• Use Google Docs for everyday stuff, too: You can use Google Docs to track expenses, maintain your calendar, and more.


  1. joebeckmann

    April 6, 2012 at 10:16 am

    The most dramatic use of Google Doc’s I’ve seen is as an alternative to tests and papers for high school kids: developing electronic portfolios (https://sites.google.com/site/shseportfolio/home). There is a cadre of 20 private, for profit vendors of portfolio shelters – mostly targeting colleges – but the best are open source and the best of those use google doc’s and google sites. The link is to a template that is now the subject of an international conference in July, reflecting “soft skills” as defined by labor market specialists, unions, and big industries, as categories for pre-college and pre-career planning.

  2. MyTownTutorsMA

    April 6, 2012 at 10:33 am

    I love using google docs in the high school classroom too. It is awesome!

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  8. Rags_K

    April 10, 2012 at 2:05 am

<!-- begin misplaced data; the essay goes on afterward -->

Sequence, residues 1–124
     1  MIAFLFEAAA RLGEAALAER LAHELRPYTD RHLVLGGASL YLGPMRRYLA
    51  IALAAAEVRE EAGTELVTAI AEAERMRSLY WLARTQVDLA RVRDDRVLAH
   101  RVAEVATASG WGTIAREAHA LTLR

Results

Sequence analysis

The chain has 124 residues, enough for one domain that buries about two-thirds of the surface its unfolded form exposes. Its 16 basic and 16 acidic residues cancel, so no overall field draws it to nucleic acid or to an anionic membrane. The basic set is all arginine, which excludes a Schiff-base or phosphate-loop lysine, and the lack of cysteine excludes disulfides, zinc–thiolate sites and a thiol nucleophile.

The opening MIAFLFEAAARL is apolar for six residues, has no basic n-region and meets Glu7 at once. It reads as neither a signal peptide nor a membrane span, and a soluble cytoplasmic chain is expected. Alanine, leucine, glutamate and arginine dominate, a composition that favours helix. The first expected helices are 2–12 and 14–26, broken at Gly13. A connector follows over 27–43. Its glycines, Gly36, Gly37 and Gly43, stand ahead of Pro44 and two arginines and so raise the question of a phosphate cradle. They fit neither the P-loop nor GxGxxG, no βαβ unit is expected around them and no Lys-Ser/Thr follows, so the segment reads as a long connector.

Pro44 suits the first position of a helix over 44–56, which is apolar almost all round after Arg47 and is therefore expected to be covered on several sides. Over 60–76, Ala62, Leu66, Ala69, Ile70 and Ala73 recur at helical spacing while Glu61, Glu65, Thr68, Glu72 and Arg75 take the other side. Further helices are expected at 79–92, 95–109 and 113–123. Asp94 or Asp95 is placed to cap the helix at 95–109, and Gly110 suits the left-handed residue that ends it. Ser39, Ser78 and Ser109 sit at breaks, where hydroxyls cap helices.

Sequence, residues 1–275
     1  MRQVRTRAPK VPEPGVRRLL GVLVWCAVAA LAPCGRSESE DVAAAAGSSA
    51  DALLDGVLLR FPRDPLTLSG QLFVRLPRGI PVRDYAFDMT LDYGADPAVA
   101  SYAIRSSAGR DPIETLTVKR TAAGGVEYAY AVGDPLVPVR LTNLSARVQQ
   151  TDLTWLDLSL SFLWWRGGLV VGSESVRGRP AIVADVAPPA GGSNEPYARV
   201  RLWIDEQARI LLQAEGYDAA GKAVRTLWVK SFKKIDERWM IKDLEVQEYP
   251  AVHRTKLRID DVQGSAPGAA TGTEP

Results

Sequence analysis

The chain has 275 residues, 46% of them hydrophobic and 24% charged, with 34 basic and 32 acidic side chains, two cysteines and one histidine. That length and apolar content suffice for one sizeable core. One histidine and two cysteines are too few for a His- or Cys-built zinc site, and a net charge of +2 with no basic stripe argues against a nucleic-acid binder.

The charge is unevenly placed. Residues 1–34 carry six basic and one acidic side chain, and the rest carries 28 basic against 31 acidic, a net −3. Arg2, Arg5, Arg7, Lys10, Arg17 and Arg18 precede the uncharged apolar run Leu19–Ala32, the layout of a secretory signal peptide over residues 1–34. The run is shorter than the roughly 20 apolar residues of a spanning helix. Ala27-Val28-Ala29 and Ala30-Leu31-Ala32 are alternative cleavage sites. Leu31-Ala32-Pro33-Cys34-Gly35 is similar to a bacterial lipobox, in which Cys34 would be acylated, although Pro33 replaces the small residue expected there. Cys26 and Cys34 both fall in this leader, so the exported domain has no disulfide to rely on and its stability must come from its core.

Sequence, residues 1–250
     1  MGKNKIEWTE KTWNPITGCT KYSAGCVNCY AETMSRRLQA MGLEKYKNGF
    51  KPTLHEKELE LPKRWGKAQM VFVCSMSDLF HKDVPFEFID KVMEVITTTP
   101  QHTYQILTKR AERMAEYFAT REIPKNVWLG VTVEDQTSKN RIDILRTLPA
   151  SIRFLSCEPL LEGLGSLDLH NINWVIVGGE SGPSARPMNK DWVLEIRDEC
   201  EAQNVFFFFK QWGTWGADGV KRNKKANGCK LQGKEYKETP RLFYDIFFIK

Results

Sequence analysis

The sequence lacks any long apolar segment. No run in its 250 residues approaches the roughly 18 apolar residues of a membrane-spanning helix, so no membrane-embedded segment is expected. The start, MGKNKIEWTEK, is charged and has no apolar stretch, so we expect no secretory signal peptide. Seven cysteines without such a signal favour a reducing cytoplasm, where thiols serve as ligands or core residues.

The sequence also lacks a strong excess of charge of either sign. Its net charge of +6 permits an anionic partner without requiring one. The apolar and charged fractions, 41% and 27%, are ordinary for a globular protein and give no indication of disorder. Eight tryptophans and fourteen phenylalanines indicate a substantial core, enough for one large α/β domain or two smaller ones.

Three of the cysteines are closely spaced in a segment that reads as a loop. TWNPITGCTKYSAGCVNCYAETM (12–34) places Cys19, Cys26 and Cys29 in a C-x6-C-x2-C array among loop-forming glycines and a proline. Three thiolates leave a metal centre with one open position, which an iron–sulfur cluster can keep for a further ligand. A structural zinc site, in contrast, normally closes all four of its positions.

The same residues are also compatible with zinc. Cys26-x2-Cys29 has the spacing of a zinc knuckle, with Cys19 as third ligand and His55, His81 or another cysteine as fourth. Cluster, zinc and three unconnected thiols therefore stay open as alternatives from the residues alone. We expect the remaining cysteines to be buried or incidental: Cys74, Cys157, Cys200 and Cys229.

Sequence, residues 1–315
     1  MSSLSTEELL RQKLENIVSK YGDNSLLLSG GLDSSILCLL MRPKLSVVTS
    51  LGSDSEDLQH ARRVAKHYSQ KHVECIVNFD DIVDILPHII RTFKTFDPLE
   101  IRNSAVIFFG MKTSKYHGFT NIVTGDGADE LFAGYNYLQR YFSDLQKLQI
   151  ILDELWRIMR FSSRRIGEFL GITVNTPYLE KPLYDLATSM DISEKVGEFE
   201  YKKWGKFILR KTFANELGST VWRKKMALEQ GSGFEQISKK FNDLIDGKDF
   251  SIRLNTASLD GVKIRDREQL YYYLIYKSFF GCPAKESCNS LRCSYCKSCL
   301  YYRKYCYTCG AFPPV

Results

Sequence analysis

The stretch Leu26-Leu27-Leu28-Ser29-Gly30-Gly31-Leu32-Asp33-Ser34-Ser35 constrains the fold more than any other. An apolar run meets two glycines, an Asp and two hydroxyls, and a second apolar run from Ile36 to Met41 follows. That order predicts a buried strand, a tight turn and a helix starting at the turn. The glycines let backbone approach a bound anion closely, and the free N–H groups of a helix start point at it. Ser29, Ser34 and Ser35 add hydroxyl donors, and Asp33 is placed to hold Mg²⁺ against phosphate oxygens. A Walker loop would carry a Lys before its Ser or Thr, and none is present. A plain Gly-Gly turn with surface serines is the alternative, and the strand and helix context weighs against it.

Honestly speaking there are many ways in which Google docs helps in education, be it sharing of data, maintaining database. The only concern is with sharing parts of the spreadsheet data.  While I am sending a part of spreadsheet to my colleagues or students, there is no way out instead of copying and pasting data in a new spreadsheet, it simply increases redundancy.
    Hence for this particular reasons most of us are facing a big concern over Google docs, meanwhile a friend of mine shared this link CollateBox http://www.collatebox.com/  it says share and act on parts of your spreadsheet data.Gotta check this one out.

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  24. Matthew Jenkins

    September 8, 2012 at 1:06 am

    I was introduced to Google Docs (Now DRIVE) during the beginning of my Pracs at Lakelands SHS. And I have slowly begun the appreciate what a valuable tool it is.
    Not just from a practical and educational aspect, but from an organisational and communication perspective too.
    My mentor teacher has practically shifted to a paper-free (environmentally friendly) environment.
    That fact that everything is real time and can be shared with security and defined access is brilliant.
    It can be used to keep parents informed of student progress (or lack thereof). It’s usefulness in this regard was apparent after sitting in on a parent teacher evening (interviews), etc
    DRIVE is the best way of filing/sorting and organising ever.

  25. Tong

    September 16, 2012 at 9:07 pm

    Excellent article, just learned a few new things!

  26. grants4college.com

    September 16, 2012 at 9:10 pm

    My best use for Google Doc is def. the mobile version. I carry my ipad everywhere so it’s nice to have access to all my docs whereever I am.